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A Brief History of Kilopass

A Brief History of Kilopass
by Paul McLellan on 03-24-2015 at 7:00 am

 Kilopass was founded back in 2001 by Jack Peng, whose background was in FPGAs with his most recent position being manager of technology development at Actel (now part of Microsemi). The idea was to build a company making one-time-programmable (OTP) memories using anti-fuse technology. Fuses in home-wiring (OK, I know, we all have circuit-breakers these days) work by melting metal and thus breaking the circuit. Anti-fuses work by punching a hole in the gate-oxide using a high voltage and thus making the circuit. Anti-fuses had been around for a long time. In fact I remember in 1988 at VLSI Technology when we started building anti-fuse devices for Quicklogic. Actel also had anti-fuse FPGAs.

The problem with the old approach to anti-fuse is that the comparatively thick gate-oxide and the high voltage required for programming necessitated a non-standard process. What Dr Peng realized was that at 180nm it would be possible to build anti-fuse devices on standard CMOS logic since the gate-oxide breakdown voltage (for programming) was less than the junction breakdown. The higher voltage needed for programming could be generated entirely on-chip.

In the early days of Kilopass, one of the challenges was that customers and foundries were not completely convinced that this approach was not going to cause reliability issues. It really took about 5 years before they got strong customer traction.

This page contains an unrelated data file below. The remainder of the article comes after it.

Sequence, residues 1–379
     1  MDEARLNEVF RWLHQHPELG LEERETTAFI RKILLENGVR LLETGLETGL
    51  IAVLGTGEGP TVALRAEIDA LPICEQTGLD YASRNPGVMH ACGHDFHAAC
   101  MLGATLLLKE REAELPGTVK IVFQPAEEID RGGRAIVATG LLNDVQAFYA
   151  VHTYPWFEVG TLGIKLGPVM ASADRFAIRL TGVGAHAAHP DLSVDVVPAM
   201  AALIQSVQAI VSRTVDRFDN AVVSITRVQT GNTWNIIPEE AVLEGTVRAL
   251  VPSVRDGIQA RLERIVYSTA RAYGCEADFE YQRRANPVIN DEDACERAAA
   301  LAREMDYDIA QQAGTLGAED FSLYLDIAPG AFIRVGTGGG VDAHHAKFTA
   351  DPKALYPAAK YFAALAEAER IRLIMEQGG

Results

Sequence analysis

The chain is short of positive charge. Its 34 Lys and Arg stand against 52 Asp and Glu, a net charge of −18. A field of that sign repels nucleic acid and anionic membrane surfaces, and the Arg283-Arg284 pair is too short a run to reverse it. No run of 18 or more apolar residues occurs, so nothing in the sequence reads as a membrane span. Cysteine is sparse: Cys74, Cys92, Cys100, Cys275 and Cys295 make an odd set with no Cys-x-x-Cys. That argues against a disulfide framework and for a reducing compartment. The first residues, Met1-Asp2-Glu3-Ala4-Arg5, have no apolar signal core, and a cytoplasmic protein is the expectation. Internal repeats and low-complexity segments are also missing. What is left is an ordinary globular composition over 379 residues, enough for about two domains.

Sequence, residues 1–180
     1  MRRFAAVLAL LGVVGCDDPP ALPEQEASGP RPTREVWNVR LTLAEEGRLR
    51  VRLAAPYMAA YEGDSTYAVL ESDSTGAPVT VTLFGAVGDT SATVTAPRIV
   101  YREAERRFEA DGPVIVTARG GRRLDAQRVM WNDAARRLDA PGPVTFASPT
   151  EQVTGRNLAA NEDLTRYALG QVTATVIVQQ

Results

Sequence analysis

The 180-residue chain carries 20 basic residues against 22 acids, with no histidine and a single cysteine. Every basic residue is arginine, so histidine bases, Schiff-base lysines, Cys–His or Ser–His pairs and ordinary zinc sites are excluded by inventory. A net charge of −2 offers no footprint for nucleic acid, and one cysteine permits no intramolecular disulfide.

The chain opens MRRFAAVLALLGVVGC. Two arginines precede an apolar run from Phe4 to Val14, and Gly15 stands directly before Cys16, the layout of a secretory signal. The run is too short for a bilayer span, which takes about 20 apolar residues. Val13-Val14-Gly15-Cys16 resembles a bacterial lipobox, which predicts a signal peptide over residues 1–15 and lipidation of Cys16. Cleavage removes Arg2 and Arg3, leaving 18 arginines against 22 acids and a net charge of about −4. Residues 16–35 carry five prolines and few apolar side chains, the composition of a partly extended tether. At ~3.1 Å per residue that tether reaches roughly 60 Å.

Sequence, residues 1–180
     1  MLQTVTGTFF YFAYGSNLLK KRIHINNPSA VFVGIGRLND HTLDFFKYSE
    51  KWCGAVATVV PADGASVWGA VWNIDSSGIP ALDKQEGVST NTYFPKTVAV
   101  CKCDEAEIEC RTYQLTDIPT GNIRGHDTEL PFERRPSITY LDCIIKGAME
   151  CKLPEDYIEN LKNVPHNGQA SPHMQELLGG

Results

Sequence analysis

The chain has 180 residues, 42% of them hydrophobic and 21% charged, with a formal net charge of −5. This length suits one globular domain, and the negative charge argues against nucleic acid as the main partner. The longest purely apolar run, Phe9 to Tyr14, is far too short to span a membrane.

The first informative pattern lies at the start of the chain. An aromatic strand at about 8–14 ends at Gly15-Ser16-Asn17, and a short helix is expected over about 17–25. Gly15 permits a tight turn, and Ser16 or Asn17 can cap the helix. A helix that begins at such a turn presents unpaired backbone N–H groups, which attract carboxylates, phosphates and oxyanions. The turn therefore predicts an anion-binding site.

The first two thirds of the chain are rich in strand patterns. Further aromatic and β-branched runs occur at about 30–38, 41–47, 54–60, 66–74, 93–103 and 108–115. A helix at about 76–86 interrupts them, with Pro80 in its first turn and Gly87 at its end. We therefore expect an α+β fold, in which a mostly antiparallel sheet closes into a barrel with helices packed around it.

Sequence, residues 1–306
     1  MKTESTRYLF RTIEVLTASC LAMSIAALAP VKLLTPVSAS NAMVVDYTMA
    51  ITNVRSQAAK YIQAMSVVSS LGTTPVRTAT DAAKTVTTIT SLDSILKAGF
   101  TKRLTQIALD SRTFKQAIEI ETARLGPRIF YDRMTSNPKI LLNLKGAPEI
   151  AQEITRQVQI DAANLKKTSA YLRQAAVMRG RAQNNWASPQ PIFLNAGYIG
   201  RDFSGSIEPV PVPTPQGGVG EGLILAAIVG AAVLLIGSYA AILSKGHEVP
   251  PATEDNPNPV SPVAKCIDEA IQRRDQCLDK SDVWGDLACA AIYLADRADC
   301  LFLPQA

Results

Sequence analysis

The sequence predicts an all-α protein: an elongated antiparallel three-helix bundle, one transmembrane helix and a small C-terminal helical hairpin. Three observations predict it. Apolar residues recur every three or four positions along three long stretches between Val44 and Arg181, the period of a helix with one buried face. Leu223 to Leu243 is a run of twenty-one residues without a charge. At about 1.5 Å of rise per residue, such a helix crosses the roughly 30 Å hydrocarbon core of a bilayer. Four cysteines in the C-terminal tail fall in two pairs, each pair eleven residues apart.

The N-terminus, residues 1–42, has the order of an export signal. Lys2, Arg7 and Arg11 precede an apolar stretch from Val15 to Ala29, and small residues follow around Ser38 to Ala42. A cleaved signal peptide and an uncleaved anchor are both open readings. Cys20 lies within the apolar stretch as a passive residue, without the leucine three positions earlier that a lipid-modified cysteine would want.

The basic idea has not changed since founding, although of course the memory cells have got smaller as they have ridden the technology wave down through process nodes as you would expect. Kilopass is an IP company. They do not manufacture OTP memories but rather they license their technology to companies to incorporate OTP registers or memories onto their SoCs.

 I talked to Linh Hong, who is one of the longest serving employees at Kilopass and currently VP sales. She joined as the company in 2006 as it closed its series-C funding and was starting to achieve design-ins. Eight years ago they had around 30 customers, now they have somewhere between 150 and 200.

Today Kilopass is still an IP company supplying OTP memories as both sizable memories and as small register files. It has foundry support at TSMC from 180nm with 16nm in development. SMIC from 180nm with 20nm in development. GF from 130nm down to 14nm in development. UMC from 130nm with 28nm in development. And processes from Jazz, IBM, Grace and Dongbu Hitek. Full process grid is here.

Looking on the net I came across a quote from Charles Ng, who coincidentally used to work with me me at VLSI/Compass. He was the VP sales and marketing for Kilopass in its early days. He described their business back then:Kilopass is an IP Supplier of field programmable memory. You can program the memory content. It is an IP embedded in a SoC. Non-volatile memory means that data content is kept after the power is off. Our claim to fame is that we require only standard logic CMOS process without any additional processing at all. Volatile memory requires a complicated process which is very expensive to develop and to use.

The only thing that you might add today is to emphasize that in the current security environment, anti-fuse has another great attribute. It is basically impossible to “read” the value programmed into the OTP memory even with scanning-electron-microscopes and similar tools.

But today, when venture capitalists do little but talk about “pivoting” and “getting to plan B”, it is interesting to see just how a company can successfully keep the same value proposition for over a decade and build it up into a sizable business.

There is a page on the Kilopass website that lists the company’s chronology here.

Kilopass are having an open house on Thursday April 2nd from 11.45am to 2pm (so there is such a thing as a free lunch) at their new offices at 2895 Zanker Road, San Jose. If you will be attending then RSVP here.

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